By Anonym 19 Sep

Pew Research Center

There's no evidence from decades of Pew Research surveys that public opinion, in the aggregate, is more extreme now than in the past. But what has changed -- and pretty dramatically -- is the growing tendency of people to sort themselves into political parties based on their ideological differences.

By Anonym 19 Sep

Criss Jami

They say the crazies come out at night. I say the crazies come out during election year: Elections have the power to turn once seemingly normal people into certified loonies.

By Anonym 14 Sep

Howell Raines

Something is clearly wrong with Kansas and the rest of Middle America when it comes to letting economic self-interest guide their voting.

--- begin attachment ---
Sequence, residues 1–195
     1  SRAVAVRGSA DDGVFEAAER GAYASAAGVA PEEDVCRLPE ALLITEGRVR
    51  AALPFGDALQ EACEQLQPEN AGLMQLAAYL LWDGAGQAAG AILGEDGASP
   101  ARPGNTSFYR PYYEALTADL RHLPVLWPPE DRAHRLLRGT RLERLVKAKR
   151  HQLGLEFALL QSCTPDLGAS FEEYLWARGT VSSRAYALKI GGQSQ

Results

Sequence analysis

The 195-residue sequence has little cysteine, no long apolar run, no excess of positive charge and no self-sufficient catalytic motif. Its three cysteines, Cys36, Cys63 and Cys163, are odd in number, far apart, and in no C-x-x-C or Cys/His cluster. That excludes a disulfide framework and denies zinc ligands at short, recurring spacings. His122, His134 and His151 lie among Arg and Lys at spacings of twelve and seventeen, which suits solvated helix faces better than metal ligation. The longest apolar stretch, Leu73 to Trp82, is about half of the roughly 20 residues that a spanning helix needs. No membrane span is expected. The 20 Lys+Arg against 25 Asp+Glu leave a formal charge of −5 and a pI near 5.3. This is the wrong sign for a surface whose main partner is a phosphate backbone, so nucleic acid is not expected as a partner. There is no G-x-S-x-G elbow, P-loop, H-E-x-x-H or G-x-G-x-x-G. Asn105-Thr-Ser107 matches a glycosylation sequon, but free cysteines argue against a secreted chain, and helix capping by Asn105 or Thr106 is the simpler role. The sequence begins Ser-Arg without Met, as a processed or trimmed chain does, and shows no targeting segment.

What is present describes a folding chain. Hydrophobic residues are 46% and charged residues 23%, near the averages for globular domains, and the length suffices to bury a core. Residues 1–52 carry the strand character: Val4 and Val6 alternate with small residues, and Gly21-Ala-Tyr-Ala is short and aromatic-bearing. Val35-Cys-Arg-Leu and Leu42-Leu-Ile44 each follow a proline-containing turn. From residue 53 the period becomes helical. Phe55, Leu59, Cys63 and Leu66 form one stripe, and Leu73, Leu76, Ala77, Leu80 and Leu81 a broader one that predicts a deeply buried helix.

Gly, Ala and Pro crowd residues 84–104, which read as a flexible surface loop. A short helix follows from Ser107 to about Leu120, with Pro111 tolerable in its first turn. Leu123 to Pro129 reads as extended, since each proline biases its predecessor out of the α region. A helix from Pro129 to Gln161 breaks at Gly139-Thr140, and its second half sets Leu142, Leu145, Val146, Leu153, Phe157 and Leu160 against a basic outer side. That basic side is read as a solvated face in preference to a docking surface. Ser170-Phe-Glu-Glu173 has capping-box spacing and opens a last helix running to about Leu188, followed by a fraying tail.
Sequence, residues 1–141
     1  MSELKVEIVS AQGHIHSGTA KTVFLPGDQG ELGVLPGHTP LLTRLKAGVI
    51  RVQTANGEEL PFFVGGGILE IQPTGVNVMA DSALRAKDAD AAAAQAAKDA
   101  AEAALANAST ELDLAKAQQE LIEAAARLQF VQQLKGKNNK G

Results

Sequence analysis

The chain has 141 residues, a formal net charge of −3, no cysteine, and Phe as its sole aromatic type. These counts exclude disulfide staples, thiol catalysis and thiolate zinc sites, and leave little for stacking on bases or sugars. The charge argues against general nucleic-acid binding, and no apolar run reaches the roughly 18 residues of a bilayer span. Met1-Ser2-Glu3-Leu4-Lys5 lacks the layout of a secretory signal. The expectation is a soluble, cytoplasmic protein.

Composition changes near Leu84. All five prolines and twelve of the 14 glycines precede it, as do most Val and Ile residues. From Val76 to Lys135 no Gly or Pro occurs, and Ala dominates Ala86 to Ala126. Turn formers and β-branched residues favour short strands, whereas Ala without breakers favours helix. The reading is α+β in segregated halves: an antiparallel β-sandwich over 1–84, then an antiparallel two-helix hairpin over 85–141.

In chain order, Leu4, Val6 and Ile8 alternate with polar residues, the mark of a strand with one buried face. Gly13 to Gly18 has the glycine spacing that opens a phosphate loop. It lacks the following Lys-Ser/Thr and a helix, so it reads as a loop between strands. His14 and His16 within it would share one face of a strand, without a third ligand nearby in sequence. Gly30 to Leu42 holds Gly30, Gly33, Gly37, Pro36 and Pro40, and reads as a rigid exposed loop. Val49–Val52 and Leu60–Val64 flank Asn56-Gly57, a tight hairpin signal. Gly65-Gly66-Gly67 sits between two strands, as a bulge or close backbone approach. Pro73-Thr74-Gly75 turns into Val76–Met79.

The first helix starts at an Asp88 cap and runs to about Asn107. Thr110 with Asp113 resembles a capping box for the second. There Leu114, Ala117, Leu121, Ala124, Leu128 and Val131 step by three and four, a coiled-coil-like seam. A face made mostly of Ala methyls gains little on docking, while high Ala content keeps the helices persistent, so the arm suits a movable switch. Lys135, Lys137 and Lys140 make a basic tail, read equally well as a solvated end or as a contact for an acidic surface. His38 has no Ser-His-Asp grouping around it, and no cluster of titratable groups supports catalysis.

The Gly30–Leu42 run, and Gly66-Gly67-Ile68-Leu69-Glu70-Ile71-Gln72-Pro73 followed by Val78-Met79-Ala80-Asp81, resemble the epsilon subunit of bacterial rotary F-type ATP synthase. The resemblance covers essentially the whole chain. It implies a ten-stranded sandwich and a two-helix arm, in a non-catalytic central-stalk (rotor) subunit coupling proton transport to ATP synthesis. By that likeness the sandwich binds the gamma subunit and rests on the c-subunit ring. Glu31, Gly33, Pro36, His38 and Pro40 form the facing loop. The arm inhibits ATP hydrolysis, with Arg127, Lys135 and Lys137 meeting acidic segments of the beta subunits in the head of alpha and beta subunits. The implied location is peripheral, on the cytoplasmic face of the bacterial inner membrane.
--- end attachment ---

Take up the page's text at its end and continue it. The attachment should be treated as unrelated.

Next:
By Anonym 13 Sep

Rod Dreher

As both a conservative and a Republican, I confess that we deserve to lose this year. We have governed badly and have earned the wrath of voters, who will learn in due course how inadequate the nostrums of liberal Democrats are to the crisis of our times. If I cannot in good faith cast a vote against the Bush years by voting for Obama, I can at least do so by withholding my vote from McCain.

By Anonym 16 Sep

Jaron Lanier

If market pricing is the only legitimate test of quality, why are we still bothering with proven theorems? Why don't we just have a vote on whether a theorem is true? To make it better we'll have everyone vote on it, especially the hundreds of millions of people who don't understand the math. Would that satisfy you?

By Anonym 18 Sep

Noam Chomsky

Small differences in a system of great power can have enormous consequences. [Source: Al Jazeera 'Upfront' interview]